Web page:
This was the living room kitchen before we opened it up.  We didn't open it up a lot, because (as you can see) the wall here has electrical and HVAC running through it.  That made it cost prohibitive to open up entirely. 

What we did do, I think helps a lot at a fairly minimal cost.  We expanded the opening into the kitchen leaving sufficient space for the fridge to stay in its current space (right on the other side of the wall) and having to move only a light switch.  You can see a post above the bar which is where overhead cabinets were hanging down about 10" from the ceiling over the bar.  We took those out.  The effect is to really allow a lot of natural light from the French doors in the dining room to flow through the house.  The kitchen is brighter, and this is the view from the front door all the way through to the back deck.  Would it have been better to completely reconfigure the kitchen, move the fridge hookup, and take out the wall?  Yes.  If we were looking to flip it, we may have done so.  For a rental though, we thought this was a cost-effective solution.

Here are the new granite countertops installed on the existing base cabinets.  Again, for a flip, we would have upgraded the cabinetry.  For our market though, these are acceptable in a rental at our price point.  Although it's hard to see, the countertops include both browns similar to the honey oak cabinets and the darker laminate flooring that we are installing.  (Keep in mind that our original plan was to repair the existing laminate, but ultimately decided it was beyond saving.)  Above the countertops, we will be installing a tile mosaic backsplash below the upper cabinets.

Still a fair amount of time to go.  The blizzard, cold, and gas line issues have delayed us, so we're now looking at early-to-mid March for completion.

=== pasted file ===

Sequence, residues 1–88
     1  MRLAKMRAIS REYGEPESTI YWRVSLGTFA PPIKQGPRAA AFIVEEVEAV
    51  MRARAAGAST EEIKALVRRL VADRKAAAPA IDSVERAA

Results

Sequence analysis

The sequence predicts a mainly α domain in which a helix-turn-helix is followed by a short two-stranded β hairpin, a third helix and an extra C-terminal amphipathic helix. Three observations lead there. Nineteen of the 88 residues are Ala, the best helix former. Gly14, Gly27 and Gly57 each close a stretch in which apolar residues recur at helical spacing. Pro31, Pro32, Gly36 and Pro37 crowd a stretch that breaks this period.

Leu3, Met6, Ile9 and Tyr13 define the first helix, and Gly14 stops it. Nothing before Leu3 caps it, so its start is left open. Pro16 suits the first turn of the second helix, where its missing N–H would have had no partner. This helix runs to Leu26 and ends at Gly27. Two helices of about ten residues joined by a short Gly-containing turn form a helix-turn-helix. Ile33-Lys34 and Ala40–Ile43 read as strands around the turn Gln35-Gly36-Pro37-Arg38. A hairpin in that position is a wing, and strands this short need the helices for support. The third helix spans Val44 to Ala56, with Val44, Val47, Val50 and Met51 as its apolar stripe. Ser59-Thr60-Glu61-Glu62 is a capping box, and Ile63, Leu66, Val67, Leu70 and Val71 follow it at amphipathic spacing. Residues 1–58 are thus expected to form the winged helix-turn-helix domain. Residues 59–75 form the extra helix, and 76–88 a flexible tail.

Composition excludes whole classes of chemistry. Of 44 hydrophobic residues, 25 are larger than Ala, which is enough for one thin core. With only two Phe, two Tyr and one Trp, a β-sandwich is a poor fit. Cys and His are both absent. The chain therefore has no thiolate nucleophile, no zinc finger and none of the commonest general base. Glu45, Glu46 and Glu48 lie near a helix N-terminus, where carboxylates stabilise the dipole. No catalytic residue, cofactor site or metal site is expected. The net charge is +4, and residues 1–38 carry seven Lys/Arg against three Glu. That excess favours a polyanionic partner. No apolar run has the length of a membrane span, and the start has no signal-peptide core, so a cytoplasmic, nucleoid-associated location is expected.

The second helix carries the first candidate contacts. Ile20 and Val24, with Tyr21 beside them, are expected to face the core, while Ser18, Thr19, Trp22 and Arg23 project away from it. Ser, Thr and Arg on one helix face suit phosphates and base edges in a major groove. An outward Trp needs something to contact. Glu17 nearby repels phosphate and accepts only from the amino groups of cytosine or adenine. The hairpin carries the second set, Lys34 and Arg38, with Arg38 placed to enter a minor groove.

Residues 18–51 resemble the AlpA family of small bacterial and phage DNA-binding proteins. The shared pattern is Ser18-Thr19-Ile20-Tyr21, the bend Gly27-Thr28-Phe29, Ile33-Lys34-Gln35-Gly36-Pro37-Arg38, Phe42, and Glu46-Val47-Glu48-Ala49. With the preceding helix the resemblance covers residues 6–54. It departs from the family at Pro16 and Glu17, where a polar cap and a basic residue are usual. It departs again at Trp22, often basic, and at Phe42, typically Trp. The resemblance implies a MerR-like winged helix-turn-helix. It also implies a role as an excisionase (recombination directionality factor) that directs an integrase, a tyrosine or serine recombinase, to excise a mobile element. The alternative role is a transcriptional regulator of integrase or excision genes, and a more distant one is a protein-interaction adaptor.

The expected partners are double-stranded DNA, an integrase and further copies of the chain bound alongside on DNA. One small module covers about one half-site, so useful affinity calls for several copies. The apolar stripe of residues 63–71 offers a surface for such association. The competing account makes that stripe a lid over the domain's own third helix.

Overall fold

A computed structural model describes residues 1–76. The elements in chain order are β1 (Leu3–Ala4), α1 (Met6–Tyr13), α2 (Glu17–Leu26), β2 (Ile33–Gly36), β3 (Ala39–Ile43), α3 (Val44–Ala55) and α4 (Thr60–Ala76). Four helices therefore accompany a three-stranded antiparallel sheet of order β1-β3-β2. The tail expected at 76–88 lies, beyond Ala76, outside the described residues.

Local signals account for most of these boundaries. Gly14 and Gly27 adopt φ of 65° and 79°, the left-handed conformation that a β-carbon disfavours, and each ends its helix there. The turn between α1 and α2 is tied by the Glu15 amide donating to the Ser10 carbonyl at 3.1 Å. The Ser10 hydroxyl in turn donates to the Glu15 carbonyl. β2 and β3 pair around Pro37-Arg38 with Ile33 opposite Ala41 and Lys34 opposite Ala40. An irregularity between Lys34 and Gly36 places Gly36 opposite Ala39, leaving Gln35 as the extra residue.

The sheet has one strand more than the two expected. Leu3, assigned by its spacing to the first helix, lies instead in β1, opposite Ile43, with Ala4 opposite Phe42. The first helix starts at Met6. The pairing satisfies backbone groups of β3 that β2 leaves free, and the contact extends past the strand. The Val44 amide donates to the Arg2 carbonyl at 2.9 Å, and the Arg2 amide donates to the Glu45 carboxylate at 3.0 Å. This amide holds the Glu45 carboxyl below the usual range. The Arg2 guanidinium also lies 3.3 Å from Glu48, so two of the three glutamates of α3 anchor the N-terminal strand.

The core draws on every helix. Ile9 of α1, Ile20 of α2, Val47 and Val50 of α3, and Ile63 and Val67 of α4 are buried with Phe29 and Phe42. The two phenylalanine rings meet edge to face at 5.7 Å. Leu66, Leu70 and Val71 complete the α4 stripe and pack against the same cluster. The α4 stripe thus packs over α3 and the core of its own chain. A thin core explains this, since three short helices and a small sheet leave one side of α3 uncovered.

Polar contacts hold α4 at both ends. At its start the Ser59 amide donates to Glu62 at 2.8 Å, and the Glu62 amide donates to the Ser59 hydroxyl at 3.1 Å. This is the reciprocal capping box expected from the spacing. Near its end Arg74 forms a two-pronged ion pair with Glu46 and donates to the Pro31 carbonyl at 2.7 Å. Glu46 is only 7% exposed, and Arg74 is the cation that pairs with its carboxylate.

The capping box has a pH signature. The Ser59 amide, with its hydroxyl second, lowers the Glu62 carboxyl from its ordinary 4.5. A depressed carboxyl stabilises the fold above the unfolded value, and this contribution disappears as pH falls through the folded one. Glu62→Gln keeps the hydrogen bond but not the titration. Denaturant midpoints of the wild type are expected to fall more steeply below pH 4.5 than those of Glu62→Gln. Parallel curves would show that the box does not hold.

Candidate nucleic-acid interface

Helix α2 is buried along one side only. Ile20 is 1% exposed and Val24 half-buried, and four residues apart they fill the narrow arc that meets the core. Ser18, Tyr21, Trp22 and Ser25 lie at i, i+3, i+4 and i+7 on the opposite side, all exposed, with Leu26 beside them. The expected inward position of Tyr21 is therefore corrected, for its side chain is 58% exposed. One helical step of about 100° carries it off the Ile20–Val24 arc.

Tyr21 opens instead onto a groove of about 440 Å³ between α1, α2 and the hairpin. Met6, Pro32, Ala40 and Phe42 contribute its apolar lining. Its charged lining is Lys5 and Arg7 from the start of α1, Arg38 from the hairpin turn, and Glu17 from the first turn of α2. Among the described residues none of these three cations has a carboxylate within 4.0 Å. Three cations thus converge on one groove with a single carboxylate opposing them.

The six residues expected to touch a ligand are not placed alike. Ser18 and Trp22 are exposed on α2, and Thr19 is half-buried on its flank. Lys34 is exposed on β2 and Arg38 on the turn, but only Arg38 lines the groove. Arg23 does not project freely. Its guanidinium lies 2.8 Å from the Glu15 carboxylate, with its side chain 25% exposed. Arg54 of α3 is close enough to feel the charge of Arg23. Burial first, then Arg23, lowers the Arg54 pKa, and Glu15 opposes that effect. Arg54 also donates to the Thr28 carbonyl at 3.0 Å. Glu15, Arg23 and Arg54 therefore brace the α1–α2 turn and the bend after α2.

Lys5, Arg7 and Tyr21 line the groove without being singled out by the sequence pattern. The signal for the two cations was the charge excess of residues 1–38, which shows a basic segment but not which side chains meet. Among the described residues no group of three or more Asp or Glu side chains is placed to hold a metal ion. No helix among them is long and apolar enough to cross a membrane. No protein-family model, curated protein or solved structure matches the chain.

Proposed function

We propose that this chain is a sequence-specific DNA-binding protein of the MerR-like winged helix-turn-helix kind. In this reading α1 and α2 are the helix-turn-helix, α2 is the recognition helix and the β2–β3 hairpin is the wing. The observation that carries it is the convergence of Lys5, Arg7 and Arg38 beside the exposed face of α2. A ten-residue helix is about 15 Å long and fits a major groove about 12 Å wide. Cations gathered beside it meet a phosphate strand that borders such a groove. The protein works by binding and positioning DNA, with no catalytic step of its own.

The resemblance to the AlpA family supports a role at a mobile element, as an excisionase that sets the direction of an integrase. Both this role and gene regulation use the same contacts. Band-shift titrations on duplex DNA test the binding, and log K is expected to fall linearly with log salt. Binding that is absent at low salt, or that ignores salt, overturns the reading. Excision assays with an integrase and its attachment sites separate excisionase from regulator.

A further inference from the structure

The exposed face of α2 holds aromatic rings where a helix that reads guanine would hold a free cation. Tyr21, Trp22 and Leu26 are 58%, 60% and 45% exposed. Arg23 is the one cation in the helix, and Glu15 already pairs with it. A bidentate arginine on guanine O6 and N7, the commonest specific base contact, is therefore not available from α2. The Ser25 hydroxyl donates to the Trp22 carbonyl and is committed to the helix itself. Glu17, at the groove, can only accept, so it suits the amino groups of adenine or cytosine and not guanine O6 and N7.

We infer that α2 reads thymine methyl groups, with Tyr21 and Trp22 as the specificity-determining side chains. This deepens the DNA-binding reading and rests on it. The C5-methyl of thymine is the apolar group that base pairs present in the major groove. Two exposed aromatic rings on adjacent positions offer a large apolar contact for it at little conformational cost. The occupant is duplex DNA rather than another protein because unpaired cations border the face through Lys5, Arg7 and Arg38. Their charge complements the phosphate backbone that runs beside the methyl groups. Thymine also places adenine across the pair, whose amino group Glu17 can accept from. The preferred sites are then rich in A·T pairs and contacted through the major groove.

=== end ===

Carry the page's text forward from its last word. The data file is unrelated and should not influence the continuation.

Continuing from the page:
Well, we got the water turned on this week, and it turns out that we had two cracked pipes in the laundry room and two broken valves.  The pressure coming into the house is higher than it should be, so we're going to get a pressure reducer installed and repair/replace the broken pipes.  Fortunately, the pipes were broken in the laundry room and did little damage as the space hadn't been renovated yet.  Breaking into the drywall to repair the leak exposed a small amount of surface mold that is apparently from a slow leak before we bought the property.  We're getting that cleaned up.  I don't have quotes yet on the repair costs, but they don't seem likely to be too much.

Well, two months behind schedule, but we are finally done.  Unfortunately, our team was hit with the flu which pushed us back about two weeks.  Everyone is mended now, and the house came out pretty well, I think.  After pictures are below.

Did this place sell or rent for what you anticipated? What are your thoughts on the market in Havre de Grace? New REI here from Harford County looking for my first deal and I'm considering the area. I'd love to hear how this turned out for you. House looks great!

Great looking rehab! It seems to be pretty low rent return compared to your total cost.   Hopefully you'll find someone in the $1600-1800 range, which is what I'd expect for this size house.  I have a few townhouses that get $1400 (your original rent estimate) in Harford County.

I've got three units in Harford Square and get $1370 (long term tenant), $1400, and $1400.  They are larger townhouses with finished basements, so that helps!